If you are looking for a gift this coming summer, here is a present we do not suggest: a wallet or a purse. One day soon, carrying physical money will be a very unusual thing to do.
FIS Global recently released a report into how people pay for things in 41 countries across the globe, including Australia. The pandemic in 2020 accelerated a long-term trend away from using actual cash towards various types of electronic payment. This was a worldwide trend, of course, with the percentage of transactions using cash dropping enormously. In 2019, cash accounted for just over 30% of POS transactions across the countries being examined. In 2020, that percentage fell to just 20.5%.
The researchers put their crystal balls into use and estimated that, by 2024, just 12% of total POS transactions will be in cash across the countries examined.
Interestingly, the drop in the use of cash was lower in Australia than in other countries. Here, the use of cash fell by less than 10% during 2020, compared to the average drop of 32% across the 41 countries. That said, we Aussies were using little cash to start with, and so only 8% of Australian POS payments used cash during 2020.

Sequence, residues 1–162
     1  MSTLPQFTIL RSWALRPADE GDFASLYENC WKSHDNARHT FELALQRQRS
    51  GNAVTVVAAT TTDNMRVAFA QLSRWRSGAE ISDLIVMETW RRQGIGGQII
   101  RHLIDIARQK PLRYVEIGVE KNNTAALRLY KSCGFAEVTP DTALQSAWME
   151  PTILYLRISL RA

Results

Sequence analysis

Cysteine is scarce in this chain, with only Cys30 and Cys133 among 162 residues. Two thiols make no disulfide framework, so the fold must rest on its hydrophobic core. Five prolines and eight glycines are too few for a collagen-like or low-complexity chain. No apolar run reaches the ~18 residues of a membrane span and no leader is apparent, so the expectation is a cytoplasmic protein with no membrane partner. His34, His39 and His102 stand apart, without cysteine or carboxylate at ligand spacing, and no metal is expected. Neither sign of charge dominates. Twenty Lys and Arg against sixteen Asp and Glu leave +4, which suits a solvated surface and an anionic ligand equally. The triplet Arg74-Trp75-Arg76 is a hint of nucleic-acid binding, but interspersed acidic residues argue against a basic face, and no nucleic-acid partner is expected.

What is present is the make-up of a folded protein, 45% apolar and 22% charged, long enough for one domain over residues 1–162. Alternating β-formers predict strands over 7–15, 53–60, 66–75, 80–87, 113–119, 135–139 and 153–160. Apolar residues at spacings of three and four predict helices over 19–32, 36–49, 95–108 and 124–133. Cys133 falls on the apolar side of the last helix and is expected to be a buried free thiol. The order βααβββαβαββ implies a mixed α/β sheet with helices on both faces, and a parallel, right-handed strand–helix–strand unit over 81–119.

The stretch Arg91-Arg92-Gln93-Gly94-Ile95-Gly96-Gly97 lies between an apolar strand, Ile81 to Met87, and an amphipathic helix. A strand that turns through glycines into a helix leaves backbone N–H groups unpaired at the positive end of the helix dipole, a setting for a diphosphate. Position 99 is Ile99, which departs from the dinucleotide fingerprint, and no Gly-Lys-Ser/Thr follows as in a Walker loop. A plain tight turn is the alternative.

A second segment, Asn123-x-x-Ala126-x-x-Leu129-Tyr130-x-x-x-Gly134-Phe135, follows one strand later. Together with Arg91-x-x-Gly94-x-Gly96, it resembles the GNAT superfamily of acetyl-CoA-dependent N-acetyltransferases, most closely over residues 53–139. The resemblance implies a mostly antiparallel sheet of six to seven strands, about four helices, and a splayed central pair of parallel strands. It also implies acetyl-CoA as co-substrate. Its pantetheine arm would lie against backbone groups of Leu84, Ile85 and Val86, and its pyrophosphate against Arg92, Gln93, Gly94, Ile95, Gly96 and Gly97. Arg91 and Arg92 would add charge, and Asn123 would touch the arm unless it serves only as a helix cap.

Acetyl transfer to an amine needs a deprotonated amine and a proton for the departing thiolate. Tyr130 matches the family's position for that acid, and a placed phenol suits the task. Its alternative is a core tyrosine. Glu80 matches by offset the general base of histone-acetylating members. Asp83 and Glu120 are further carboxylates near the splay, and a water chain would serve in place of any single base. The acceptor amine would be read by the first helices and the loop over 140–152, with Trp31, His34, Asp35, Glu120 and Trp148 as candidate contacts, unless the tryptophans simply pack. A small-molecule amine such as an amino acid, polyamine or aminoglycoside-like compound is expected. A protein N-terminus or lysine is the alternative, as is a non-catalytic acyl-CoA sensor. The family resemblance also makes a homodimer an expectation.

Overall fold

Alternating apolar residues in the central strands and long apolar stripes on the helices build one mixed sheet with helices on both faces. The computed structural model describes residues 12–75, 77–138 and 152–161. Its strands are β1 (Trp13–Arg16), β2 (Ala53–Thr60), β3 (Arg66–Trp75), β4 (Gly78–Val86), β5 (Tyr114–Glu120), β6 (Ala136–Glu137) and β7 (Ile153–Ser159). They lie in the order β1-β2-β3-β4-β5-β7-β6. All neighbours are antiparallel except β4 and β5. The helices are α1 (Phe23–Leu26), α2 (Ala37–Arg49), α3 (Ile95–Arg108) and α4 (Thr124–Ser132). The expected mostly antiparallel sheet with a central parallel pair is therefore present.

This leads to a really interesting question: of all the money in the world, how much is actual physical coins and notes? Physical notes and coins are more formally known as the ‘money base.’ In 2018, the money base in Australia represented just 6% of total GDP, as shown in the following table from the Reserve Bank of Australia:
The bottom figure, of $109 billion, is part of the figure just above it of $2,096 Billion, which is basically total money. So, in July 2018, physical currency accounted for just over 5% of all the money in Australia. Almost all Australian money is electronic in some form or another.
Now, here is something that we found even more interesting. During 2020, although people used less cash to buy things, demand for having that cash actually rose. Here is how the RBA shows the demand for new banknotes:
Before the pandemic, most of the new banknotes that were created simply replaced old notes that needed to be withdrawn from circulation – the total growth in banknotes was only just above 0%. But the demand for new notes in 2020 caused the number of notes in circulation to soar by more than 15%. This was the highest rise since the GFC in 2007-9, which points to the reason for the spike: in times of crisis, (some) people lose faith in electronic money, such as bank deposits, and use physical currency to store their wealth.
This is shown further by the types of banknotes that people were demanding. It was the big notes, demand for which rose by more than 20%:
So, people are getting hold of more $100 dollar notes but actually spending fewer of them at the shops. These people won’t need a wallet or a purse for Christmas. They’ll need a wall safe.